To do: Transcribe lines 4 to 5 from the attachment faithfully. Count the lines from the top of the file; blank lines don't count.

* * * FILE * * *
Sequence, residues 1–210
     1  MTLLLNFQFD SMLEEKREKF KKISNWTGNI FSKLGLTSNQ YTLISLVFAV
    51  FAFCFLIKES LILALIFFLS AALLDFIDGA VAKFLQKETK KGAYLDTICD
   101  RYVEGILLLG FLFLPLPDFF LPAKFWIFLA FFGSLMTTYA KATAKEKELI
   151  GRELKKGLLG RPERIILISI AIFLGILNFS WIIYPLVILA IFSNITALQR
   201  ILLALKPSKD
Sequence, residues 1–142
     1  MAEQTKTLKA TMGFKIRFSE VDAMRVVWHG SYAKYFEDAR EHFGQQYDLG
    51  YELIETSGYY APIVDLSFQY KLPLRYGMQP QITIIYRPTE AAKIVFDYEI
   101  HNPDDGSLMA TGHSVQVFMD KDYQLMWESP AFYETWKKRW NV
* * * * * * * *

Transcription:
   101  RYVEGILLLG FLFLPLPDFF LPAKFWIFLA FFGSLMTTYA KATAKEKELI
   151  GRELKKGLLG RPERIILISI AIFLGILNFS WIIYPLVILA IFSNITALQR